All municipalities in Norway, including Nesseby, are responsible for primary education (through 10th grade), outpatient health services, senior citizen services, unemployment and other social services, zoning, economic development, and municipal roads. The municipality is governed by a municipal council of elected representatives, which in turn elect a mayor. The municipality falls under the Indre Finnmark District Court and the Hålogaland Court of Appeal.
|Party Name||Name in Norwegian||Number of|
|Socialist Left Party||Sosialistisk Venstreparti||2|
|Local Lists||Lokale lister||6|
|Total number of members:||15|
The municipality is situated on the isthmus between the Varangerfjord and the Tana River at the entrance to the Varanger Peninsula. All the people live in small settlements along the fjord. Varangerhalvøya National Park is partially located in the park. The river Jakobselva partially forms the municipal border between Nesseby and Vadsø to the northeast.
The municipality of Unjárga-Nesseby is known for its interesting birding localities and is mentioned in several birding guide books. Other than the Varangerford, the main habitat is tundra with areas of bog and marsh. One species that can usually be seen on small ponds during the summer months is the red-necked phalarope.
|Climate data for Varangerbotn|
|Daily mean °C (°F)||−11.9
|Average precipitation mm (inches)||27
|Source: Norwegian Meteorological Institute|
- Anathon Aall (1867–1943), academic, philosopher and psychologist
- Kirsti Bergstø (b. 1981), politician for the Socialist Left Party
- Anton Johnson Brandt (1893–1951), veterinarian
- Signe Iversen (b. 1956), Sami-language consultant and author of children's literature
- Agnete Johnsen (b. 1994), musician and lead singer of The BlackSheeps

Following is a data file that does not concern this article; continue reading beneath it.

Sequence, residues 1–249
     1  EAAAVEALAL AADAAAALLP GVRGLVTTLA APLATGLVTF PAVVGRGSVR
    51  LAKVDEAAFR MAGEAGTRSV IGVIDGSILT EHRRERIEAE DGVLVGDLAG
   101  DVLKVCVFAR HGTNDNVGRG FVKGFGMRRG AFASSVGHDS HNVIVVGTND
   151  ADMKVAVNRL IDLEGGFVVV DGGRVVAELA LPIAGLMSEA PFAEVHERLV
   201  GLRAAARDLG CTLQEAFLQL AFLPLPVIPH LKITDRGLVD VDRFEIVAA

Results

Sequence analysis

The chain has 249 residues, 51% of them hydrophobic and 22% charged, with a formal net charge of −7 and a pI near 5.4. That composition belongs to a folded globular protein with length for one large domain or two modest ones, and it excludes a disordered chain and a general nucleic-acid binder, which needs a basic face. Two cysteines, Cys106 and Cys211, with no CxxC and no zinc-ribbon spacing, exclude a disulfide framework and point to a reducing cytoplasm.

- Finn Lützow-Holm (1890–1950), military officer, aviation pioneer and polar explorer
- Silje Karine Muotka (b. 1975), member of the Sami Parliament of Norway
- Isak Saba (1874–1921), the first Sami to be elected to the Stortinget
- Søren Kristian Sommerfelt (1851–1934), Lutheran priest
- Raimo Valle (b. 1965), civil servant and politician for the Labour Party
- "Navn på steder og personer: Innbyggjarnamn" (in Norwegian). Språkrådet. Retrieved 2015-12-01.
- "Stadnamn og rettskriving" (in Norwegian). Kartverket. Retrieved 2018-07-13.
- Statistisk sentralbyrå (2017). "Table: 06913: Population 1 January and population changes during the calendar year (M)" (in Norwegian). Retrieved 2017-09-09.
- Jukvam, Dag (1999). "Historisk oversikt over endringer i kommune- og fylkesinndelingen" (PDF) (in Norwegian). Statistisk sentralbyrå.
- "Ot.prp. nr. 111 (2001-2002)" (in Norwegian). Regjeringen.no.
- "Endring av skrivemåten for tospråklige kommuner. Endring av skrivemåten for tospråklige kommunenavn, Unjárga-Nesseby" (in Norwegian).
- Rygh, Oluf (1924). Norske gaardnavne: Finmarkens amt (in Norwegian) (18 ed.). Kristiania, Norge: W. C. Fabritius & sønners bogtrikkeri. p. 246.
- "Civic heraldry of Norway - Norske Kommunevåpen". Heraldry of the World. Retrieved 2017-08-20.
- Hansen, Tore, ed. (2016-05-12). "kommunestyre". Store norske leksikon (in Norwegian). Kunnskapsforlaget. Retrieved 2018-05-30.
- "Table: 04813: Members of the local councils, by party/electoral list at the Municipal Council election (M)" (in Norwegian). Statistics Norway. 2015.
- "eKlima Web Portal". Norwegian Meteorological Institute. Archived from the original on 2004-06-14.